Generally tasty recipes:

Cheese Soufflé 6 tablespoons margarine or butter 1/3 cup all-purpose flour small dash of ground red pepper 1 1/2 cups milk 3 cups shredded cheddar, process Swiss, Colby, or Havarti cheese (approximately 12 ounces) (best to mix 4 cheeses for a truly melt-in-your-mouth dish) 6 egg yolks 6 egg whites

Preheat oven to 350' F Measure enough foil to wrap around a 2-quart soufflé dish with 6 inches to spare. Fold foil into thirds lengthwise. Lightly butter one side. With buttered-side in, position foil around dish, letting it extend 2 inches above the top. Fasten the foil. For cheese sauce, in a saucepan melt margarine or butter; stir in flour and red pepper. Add milk all at once. Cook and stir till thickened and bubbly. Remove from the heat. Add cheese 1 cup at a time, stirring until melted. In a bowl beat yolks with a fork till combined. SLOWLY add cheese sauce to yolks, stirring constantly. Cool slightly. In a bowl, beat egg whites till stiff peaks form (tips stand straight). Gently fold about 2 cups of the stiffly beaten whites into cheese sauce. Gradually pour cheese sauce over remaining stiffly beaten whites, folding to combine. Pour into the ungreased soufflé dish. Bake in the oven about 50 minutes, or until a knife inserted near the center comes out clean. Gently peel off foil, and serve the soufflé immediately. Serves 6.


Other than not bringing it to a party you go to, make your own decision. If you think something tastes bad, even if high society types like it, don't drink it. If you are not a wine connoisseur, don't try to be one.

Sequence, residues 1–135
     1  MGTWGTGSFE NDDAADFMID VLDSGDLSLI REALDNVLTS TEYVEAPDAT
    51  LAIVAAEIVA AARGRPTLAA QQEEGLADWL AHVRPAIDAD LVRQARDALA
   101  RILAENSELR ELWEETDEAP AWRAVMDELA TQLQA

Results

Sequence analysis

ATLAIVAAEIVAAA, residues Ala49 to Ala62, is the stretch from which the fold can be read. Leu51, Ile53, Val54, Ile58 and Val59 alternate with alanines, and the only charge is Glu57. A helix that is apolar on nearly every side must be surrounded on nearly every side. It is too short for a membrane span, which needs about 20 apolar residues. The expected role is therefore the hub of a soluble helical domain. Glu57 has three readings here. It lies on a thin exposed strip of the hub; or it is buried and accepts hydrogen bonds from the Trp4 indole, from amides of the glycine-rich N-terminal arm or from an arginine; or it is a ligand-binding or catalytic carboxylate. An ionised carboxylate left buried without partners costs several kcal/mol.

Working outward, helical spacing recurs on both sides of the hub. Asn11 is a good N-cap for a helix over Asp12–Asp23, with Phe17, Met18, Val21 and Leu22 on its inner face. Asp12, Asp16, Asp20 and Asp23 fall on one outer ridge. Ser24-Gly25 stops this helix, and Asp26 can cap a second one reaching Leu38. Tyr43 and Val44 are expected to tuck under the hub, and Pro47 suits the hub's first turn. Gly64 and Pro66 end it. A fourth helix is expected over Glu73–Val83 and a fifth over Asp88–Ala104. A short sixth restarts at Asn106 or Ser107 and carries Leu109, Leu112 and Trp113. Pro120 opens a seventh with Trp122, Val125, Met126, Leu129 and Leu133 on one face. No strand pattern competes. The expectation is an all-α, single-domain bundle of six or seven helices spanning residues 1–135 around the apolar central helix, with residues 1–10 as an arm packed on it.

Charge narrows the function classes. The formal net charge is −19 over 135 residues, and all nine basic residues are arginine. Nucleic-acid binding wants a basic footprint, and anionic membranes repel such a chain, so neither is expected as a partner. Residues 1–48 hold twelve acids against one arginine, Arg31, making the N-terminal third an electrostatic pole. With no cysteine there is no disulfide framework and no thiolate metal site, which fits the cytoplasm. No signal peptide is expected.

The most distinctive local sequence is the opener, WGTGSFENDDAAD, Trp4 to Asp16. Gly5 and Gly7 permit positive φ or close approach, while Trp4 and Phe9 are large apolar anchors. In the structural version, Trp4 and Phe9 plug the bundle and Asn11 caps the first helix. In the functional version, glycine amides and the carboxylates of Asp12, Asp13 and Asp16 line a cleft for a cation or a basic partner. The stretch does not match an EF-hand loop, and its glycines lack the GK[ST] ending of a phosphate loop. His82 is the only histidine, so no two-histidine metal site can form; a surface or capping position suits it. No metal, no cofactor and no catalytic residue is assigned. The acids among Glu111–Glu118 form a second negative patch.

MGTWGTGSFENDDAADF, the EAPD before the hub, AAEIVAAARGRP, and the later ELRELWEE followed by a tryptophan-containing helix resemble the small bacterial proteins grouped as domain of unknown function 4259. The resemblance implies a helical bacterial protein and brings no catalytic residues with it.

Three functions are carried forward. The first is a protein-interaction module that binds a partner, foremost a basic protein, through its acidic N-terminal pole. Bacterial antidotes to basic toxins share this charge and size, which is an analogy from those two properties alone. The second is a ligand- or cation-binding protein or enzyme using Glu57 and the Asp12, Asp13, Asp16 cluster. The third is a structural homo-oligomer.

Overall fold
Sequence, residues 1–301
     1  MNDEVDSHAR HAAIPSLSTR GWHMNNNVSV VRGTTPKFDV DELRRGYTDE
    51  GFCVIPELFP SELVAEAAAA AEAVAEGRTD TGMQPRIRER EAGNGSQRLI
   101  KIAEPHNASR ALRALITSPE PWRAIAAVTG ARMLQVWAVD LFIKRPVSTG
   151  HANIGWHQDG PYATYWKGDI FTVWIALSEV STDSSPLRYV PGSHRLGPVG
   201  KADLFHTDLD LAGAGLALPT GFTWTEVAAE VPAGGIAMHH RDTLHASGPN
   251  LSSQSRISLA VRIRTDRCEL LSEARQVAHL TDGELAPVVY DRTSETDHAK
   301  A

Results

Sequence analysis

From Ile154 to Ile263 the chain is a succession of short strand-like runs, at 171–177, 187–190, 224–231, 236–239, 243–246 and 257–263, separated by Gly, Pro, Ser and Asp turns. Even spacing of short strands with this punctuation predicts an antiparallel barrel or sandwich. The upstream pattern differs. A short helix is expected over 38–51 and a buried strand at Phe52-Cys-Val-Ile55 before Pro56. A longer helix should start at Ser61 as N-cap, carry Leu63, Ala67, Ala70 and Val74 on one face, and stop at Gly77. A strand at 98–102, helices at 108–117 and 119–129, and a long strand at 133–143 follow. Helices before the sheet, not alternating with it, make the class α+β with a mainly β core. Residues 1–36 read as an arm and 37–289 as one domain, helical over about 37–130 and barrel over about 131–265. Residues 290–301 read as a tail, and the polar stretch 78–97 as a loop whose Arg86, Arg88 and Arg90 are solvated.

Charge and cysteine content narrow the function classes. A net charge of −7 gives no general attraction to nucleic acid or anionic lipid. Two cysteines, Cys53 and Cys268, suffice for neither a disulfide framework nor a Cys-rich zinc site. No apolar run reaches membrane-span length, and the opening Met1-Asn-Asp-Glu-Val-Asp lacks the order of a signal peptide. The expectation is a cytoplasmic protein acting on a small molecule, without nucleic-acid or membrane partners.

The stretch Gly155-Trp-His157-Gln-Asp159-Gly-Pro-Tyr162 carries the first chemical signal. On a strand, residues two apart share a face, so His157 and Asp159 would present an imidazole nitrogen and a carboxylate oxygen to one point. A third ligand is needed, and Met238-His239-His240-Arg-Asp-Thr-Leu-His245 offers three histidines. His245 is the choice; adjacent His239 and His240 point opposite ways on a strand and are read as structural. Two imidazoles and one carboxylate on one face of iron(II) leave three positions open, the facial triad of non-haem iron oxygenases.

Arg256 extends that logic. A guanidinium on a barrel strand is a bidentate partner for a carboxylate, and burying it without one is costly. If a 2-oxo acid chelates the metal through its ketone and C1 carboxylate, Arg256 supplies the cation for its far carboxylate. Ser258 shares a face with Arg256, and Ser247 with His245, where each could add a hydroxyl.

This is a lot less complex than many people realize, and caterers will usually try to say otherwise to help justify their fees. However, it has now in fact been scientifically demonstrated (does anyone have a ref here? I lost it. Some scientists actually managed to get funding to test this for real) that the overpowering and more importantly lingering flavor of most cheeses all but destroys your ability to discern the finer points of the wine, meaning that it generally just comes down to deciding between red or white. Of course, if you are using a lighter cheese or just want to show off, a basic understanding of the guidelines can be helpful.

(put the actual guidelines in the wine and cheese article once someone finds time to make it)



Pound cake


  1. 1/4th of the total weight of each:
    • eggs (around 5 for a 1kg cake)
    • sugar
    • butter
    • flour
  2. yeast

The making

  1. Mix the eggs with the sugar until you obtain a relatively homogeneous paste
  2. Put the butter in a pot and that pot in a water filled pan (called bain-marie or double boiler technique)
  3. Heat said water until the butter has completely melted
  4. Spread some of the melted butter in a mold, the powder some flour over it
  5. Preheat the oven at ~100/150°C
  6. Add the butter to the paste, then the flour
  7. Stir until you obtain a smooth paste